A young adult Belgian Malinois for sale. Was returned to us because the family worked too much and didn't have time for her. She is super sweet, social with dogs and people. She is not spayed yet and will be 2 in February. She knows her basic obedience, good at agility, and knows "place". Price does not include shipping if needed.
(Chien de Berger Belge), Mechelaar Mechelse, Herder Mechelse, Scheper Pastor, Belga Malinois
The Belgian Malinois is intelligent, active, and very sensitive to his surroundings. He's a devoted family pet, but shy with strangers. Because he's good with kids, he's an ideal watch and gard dog.
Rich fawn to mahogany, with black-tipped hairs; black mask and ears.
Hair is short and straight.
Belgian Malinois dogs are very intense and full of energy. They're bright and make very good watch dogs.
This breed is quite wary around strangers and can even be aggressive toward other dogs and animals. It is usually good with children that are well-behaved and have an adult nearby. However, this breed should not be left with alone with small children.
The Belgian Malinois should be brushed weekly, particularly during times of shedding.
This breed responds best to experienced trainers who have a kind approach. With the right trainer, this dog is eager to please and learns quickly.
The Belgian Malinois needs a big yard to run and play in, because he has a huge amount of energy to burn.
Country of Origin:
This breed has no major health problems, although some minor things may occurs, such as skin allergies or eye problems.
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Before getting a new puppy, make sure you are prepared to share your life with a new family member for the next 15 or more years! Owning a dog is a big responsibility!
Questions You Should Ask the Breeder
1. Are the puppies' parents "certified"? This means that certain breeds are often at risk for genetic conditions such as hip problems, heart problems and eye problems. Most of these diseases are inherited, meaning the disease is passed from parent to puppy. Many breeders will have their dogs evaluated and tested for that disease and ultimately "certified" by a veterinary specialist to be disease-free.
2. What are the sizes of the puppy's parents? Know how big the parents are, to get a good idea of how big your puppy will be. Is that the size dog you want?
3. Ask to meet the dogs parents. If possible, meet the puppy's parents. Notice if they appear to be in good health and evaluate their overall temperament. Are they shy, aggressive, or well adjusted?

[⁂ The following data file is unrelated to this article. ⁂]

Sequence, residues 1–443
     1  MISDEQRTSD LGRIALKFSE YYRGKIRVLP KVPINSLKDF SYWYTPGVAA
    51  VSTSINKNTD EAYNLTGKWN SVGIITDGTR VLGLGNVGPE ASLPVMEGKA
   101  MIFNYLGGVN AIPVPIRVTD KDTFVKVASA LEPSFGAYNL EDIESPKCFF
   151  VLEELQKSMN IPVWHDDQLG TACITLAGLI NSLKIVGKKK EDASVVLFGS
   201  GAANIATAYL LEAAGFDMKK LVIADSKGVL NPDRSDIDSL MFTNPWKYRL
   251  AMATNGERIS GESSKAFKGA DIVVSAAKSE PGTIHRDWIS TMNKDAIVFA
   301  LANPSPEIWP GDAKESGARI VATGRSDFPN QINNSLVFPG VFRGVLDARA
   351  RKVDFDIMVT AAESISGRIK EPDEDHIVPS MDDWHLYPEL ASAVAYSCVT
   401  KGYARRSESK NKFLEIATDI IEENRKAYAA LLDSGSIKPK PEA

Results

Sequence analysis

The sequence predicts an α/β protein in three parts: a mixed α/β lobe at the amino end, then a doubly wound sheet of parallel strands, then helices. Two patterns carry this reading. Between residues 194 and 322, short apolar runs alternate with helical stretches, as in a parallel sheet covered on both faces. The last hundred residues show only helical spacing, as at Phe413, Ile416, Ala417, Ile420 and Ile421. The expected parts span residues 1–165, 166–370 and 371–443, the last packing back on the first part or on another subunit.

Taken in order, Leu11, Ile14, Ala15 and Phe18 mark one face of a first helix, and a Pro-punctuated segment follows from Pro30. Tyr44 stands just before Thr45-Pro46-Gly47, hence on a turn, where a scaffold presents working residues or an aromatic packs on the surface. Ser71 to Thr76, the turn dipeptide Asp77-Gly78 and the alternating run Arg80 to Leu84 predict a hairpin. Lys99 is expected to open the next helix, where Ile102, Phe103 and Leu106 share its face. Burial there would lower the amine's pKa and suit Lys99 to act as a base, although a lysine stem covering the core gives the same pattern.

4. How have they socialized the pups? Have the pups been around other dogs? Other people? Socialization is critical in puppies 6 – 16 weeks old. Proper socialization consisting of good experiences of a puppy with other puppies and lots of different ages, sizes and types of people will give you the best chance at having a well-adjusted dog.
5. What vaccines has the puppy had? How many shots has he received and when will the puppy be due for his next puppy shot?
6. Have the puppies been dewormed? All puppies are born with worms and routine deworming is recommended.
7. Have any of the puppies in the litter been sick? If so, what were the signs, the diagnosis and treatment?
8. What visits has the puppies had with the veterinarian? Have they been examined and declared "healthy"? If not, what problems have they had? Have they been on any medications?
9. What is their guarantee? What guarantee does the breeder give with their puppies? If the puppy is found to have a severe illness, what will they do? This is a difficult topic but one that is a lot easier to cover up front rather than later.
10. Recommendations? Ask the breeder for a couple references of puppy owners that they have sold within the past year. CALL them. Find out if the breeder was fair, if they were happy with their pups, and how any problems were handled.
11. Breeders contract? Does your breeder require a breeder's contract? If so, what is in it? Is the breeder willing to take back the puppy at any time, if you can't keep it?
12. Limited registration. Some breeders require that you spay or neuter your dog by a certain age. If that is the case, that may not be a problem but it is best to know before you get your puppy.
13. What is the family history? Ask if the breeder has information about the breed line. For example, ask how long the dogs have lived and what they have died from. Write it down. This may be important for monitoring your pet as he gets older.
14. What is the breeder currently feeding the puppy? Regardless of what they are feeding, it is ideal to continue feeding the same food for the first few days at home to minimize the risk of gastrointestinal disturbances. If you choose to change the diet, do it gradually.
15. Health certificate and certificate of sale. Ask the breeder if he will supply a health certificate for the puppy issued by his veterinarian. Some states require also a certificate of sale.
16. Does the breeder belong to a breed club? Ask for references.
Get your questions answered and feel very comfortable with your new puppy.
A beautiful group of working line shepherd puppies. Both parents have great drive, beautiful balanced structure, and a mix of Black sables, and black/tan sables. The puppies start life with early stimulation that will help them through life. Some will be great for active families and some will be Sport or protection prospects. $2,000 for limited registration and $2,500 for full registration.